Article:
In 1906, he founded the satirical weekly Țivil-Cazon ("Civilian-Conscript"),[19] for which he used the pseudonym "Bélé".[3] The magazine hosted the work of Ioachim Botez, Ioan Dragomirescu-Dragion, Leon Wechsler-Vero, and Victor Eftimiu,[20] who was also a pseudonymous co-editor. Eftimiu and Lăzăreanu's work for it included rhyming quatrains that parodied or mocked the more serious literary reviews.[21] Eftimiu noted, years later, that Bélé was "very talented".[22] Țivil-Cazon became the first Romanian journal of its kind to feature colored prints, and included artwork by Iosif Iser, Nicolae Petrescu Găină, and Nicolae Mantu. Heavily inspired by Ion Luca Caragiale and his Moftul Român, it mainly targeted Romanian Army personnel, depicted as slow-witted and (especially if cavalry officers) as sex objects.[23]

Exile and returnEdit

Lăzăreanu was eventually deported from the country shortly after the 1907 peasants' revolt.[4][24][25] According to a detailed account of this incident, published in Furnica, Premier Dimitrie Sturdza had read Lăzăreanu's work in Zeflemeaua, and had decided to punish his insolence.[24] Săvulescu has it that Lăzăreanu "had merely helped the peasants" of Gorbănești petition King Carol I, and that this was read as "anarchist propaganda against throne and religion".[5] Lăzăreanu was allegedly arrested at Colentina Hospital,[24] having suffered a nervous breakdown.[4] The expulsion was facilitated by Lăzăreanu's Jewish ethnicity: under the still-restrictive laws of the Romanian Kingdom, he was classified as heimatlos.[26]

From 1907 to 1912, he lived in France, where he was admitted by examination to the Paris-based École des Hautes Études. There, he took courses with Sylvain Lévi and Charles Diehl, and between 1908 and 1909 was a classmate of the future historian Orest Tafrali.[1] He was published in the French socialist press,[6] as well as, back home, in Christian Rakovski's Viitorul Social[27] and in Barbu Nemțeanu's Pagini Libere.[19] Lăzăreanu helped establish a socialist association of Romanian guest workers,[28] and, with fellow Botoșani exile Deodat Țăranu, joined the Romanian socialist students' society in Paris.[29] On May 10, 1908 (Romania's royal holiday), he and the worker Radu Florescu directed an intentional protest against King Carol, later hosting and giving exposure to their fellow socialist exile, Rakovsky.[30] On May 28, 1910, Lăzăreanu stood on the "revolutionary jury" which "tried" the Romanian anarchist Adolf Reichmann, suspected of being an agent provocateur. He deemed Reichmann not guilty.[31]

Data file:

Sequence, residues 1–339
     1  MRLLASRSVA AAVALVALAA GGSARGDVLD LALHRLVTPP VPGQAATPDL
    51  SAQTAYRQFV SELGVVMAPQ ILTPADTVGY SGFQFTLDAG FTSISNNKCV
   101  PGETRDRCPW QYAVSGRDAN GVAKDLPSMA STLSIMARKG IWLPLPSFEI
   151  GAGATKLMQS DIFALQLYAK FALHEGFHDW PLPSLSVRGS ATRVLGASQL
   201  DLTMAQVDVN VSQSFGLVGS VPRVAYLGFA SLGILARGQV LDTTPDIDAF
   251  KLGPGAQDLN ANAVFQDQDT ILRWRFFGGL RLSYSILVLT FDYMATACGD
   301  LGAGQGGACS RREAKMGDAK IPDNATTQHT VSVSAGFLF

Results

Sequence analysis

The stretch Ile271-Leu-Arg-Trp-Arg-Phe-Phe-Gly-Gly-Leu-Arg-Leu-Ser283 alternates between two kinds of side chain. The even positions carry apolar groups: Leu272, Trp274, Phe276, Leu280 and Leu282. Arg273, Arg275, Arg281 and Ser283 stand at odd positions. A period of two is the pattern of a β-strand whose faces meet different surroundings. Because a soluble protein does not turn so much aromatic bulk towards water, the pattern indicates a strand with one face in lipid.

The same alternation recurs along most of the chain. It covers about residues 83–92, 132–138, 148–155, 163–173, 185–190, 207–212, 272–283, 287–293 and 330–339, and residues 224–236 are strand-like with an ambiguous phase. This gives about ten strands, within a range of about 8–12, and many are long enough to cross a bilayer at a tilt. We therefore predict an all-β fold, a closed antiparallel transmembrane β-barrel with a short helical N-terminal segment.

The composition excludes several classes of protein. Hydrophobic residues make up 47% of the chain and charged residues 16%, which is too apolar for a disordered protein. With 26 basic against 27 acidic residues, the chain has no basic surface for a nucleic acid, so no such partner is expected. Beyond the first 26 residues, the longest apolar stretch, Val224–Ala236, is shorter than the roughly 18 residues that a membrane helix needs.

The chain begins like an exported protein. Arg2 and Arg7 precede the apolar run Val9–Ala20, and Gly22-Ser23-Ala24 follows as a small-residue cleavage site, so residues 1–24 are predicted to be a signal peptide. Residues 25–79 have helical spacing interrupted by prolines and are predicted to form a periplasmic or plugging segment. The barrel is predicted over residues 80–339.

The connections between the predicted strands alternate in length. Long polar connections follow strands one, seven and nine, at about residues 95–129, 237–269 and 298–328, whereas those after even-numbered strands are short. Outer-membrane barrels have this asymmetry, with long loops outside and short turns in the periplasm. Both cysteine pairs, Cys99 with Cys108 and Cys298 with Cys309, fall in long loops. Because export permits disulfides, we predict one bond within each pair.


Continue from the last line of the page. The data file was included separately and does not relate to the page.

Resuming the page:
Upon his return to Romania, Lăzăreanu, sometimes passing himself off as "Matei Rareș", "Trubadurul", or "Alexandru B. Trudă",[32] was an editor at the magazines Înfrățirea, Viitorul Social, Lupta Zilnică, and Adevărul Literar. He was still a contributor to the left-wing dailies Adevărul and Dimineața,[1] and eventually also their cultural editor.[19] In 1915, using the pen name "Arald", he was featured in the pages of Rampa magazine.[3] Shortly before World War I, he was again involved in the Romanian labor movement. With I. C. Frimu of the Social Democratic Party (PSDR), he established a "workers' university" in Bucharest, where he then taught literature and the history of socialism.[33] His first book of literary portraits appeared in 1917, as Constantin Radovici, Agatha Bârsescu, Nora Marinescu.[1][34] Despite his growing reputation, Lăzăreanu, like other Jewish professionals, was barred from joining the Romanian Writers' Society (SSR).[4]

Lăzăreanu, noted for a while as a publisher of anti-war literature,[35] remained in German-occupied Bucharest after 1916. He was a member of the underground PSDR and guest speaker at its defiant Labor Day picnic (May 1, 1917),[36] and reportedly became a Leninist shortly after the October Revolution in Russia.[37] Meanwhile, writing for Scena review, usually as "Alex. Bucur" or "Mathieu H. Rareșiu",[38] he met and befriended writer I. Peltz, who recalled that his "little essays" on literature, "of greatest interest to the reading public", took up most of Lăzăreanu's time, preventing him from publishing his poetry. Peltz also recalls Lăzăreanu's satire of "the oligarchy", noting him as an "elegant polemicist" of "fine humor".[39] His tireless glossing of texts earned accolades from Perpessicius, who described Lăzăreanu as "all-knowing" and "without rival".[1] A posthumous reviewer, Marin Bucur, was unimpressed. He describes Lăzăreanu as a scholar who missed out on "the general layout", focused on documenting "infinitesimal" aspects of history, including "trifles" and "bromides".[40]

Cu privire la... periodEdit

Following the war and the creation of Greater Romania, Lăzăreanu maintained a profile in the labor and socialist movements. A speaker at the funeral of Marxist doyen Constantin Dobrogeanu-Gherea,[41] he was closely followed by agents of the Siguranța, who noted his association with labor organizer Herșcu Aroneanu, "a very dangerous element".[42] Joining the postwar Socialist Party, he returned to his native region during the 1919 paper mill workers' strike, which Aroneanu assisted, and again during the 1920 commemoration of the Paris Commune.[43] Lăzăreanu also became editor of the Socialist Party organ, Socialismul,[1] putting out its cultural pages.[6] He still contributed biographies of socialist leaders as the newspaper became official organ of the new Romanian Communist Party (May 1921), before the both the party and newspaper were outlawed.[44] He also had contributions as a poet and scholar in the magazines Progresele Științei and Presa Dentară.[19] His other work appeared in Flacăra, Viața Românească, Vremea, Contimporanul, Revista Literară, Mântuirea, Adam, Luptătorul, Curierul, and Revista Idealistă.[1][45]